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Zipwhip’s office in Seattle, now a hub for Twilio. (Zipwhip Photo)

Twilio will sunset Zipwhip’s software after acquiring the Seattle startup for $850 million last year.

According to the latest update on Zipwhip’s support page, the business texting service will permanently shut down on Dec. 1, 2023. Twilio previously announced that the software end-of-life would take place this December, but it recently extended the deadline by a year.

Customers were given until April 30 of this year to make changes their contracts and subscriptions to Zipwhip services.

Twilio, which makes business communications software, offers its own SMS products such as Twilio Frontline and Twilio Flex, and will continue to offer its own business messaging service.

“After thoughtful deliberation, our joint leadership determined that the necessary path forward to provide streamlined communications solutions is to phase out the Zipwhip software product,” a Twilio spokesperson said in an email to GeekWire.

In a FAQ dedicated to the Zipwhip shutdown, Twilio notes that it “does not have a similar service to Twilio Zipwhip that is ‘out-of-the-box’ ready so there is no migration path after the Zipwhip services shut down.”

Twilio points to its long-time partners Podium, Voxie, and Text Request as potential replacements.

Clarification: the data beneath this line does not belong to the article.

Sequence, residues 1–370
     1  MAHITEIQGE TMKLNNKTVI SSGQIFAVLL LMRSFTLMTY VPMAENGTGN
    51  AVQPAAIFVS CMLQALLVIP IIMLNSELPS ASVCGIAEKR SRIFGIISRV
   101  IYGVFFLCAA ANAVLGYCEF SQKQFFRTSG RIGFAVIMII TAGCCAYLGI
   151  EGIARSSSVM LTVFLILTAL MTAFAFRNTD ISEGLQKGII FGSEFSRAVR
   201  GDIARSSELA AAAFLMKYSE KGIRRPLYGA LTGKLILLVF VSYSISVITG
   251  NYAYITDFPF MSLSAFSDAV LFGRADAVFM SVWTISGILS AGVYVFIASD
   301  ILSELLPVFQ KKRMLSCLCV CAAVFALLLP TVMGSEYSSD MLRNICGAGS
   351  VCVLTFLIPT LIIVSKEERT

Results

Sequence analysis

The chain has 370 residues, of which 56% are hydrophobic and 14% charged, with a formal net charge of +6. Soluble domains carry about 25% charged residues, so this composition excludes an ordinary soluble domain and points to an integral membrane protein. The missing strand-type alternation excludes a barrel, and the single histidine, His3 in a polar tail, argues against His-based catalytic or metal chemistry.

“As part of the transition, Zipwhip employees have been integrated into Twilio’s Messaging team where we continue to partner to deliver exceptional services to our joint customers,” the spokesperson said. “Today, former Zipwhip employees in the Pacific Northwest region participate in Twilio’s Seattle Hub.

Zipwhip generated $34 million for Twilio in the second quarter, about 3.6% of the company’s total revenue, according to Twilio’s most recent earnings report.

Founded in 2007, Zipwhip originally targeted consumers and set out to be the “Facebook of text messaging.” But it pivoted around 2013, taking a different approach by working with wireless carriers to enable hundreds of millions of business landlines to receive and send text messages. This allowed companies to text with their customers from landline phones, VoIP services, and toll-free numbers.

Its acquisition to Twilio was one of the largest in Seattle startup history. Zipwhip had raised $92.5 million and was valued at $261.5 million in January 2019, according to PitchBook.

Zipwhip co-founder John Lauer remains at the company as CEO, according to LinkedIn, as does co-founder and Chief Technology Officer James Lapic.

Twilio actually started in Seattle 13 years ago, the brainchild of founder Jeff Lawson, who previously served as one of the first product managers at Amazon Web Services. The company later relocated to San Francisco. Lawson remains as CEO.

Twilio’s stock has fallen more than 70% this year amid the broader market downturn.

Editor’s note: This story was updated to reflect that April 30 of this year was the final day for customers to make changes to their Zipwhip contracts and subscriptions. It was also updated to reflect that the end-of-life software date was extended by one year.

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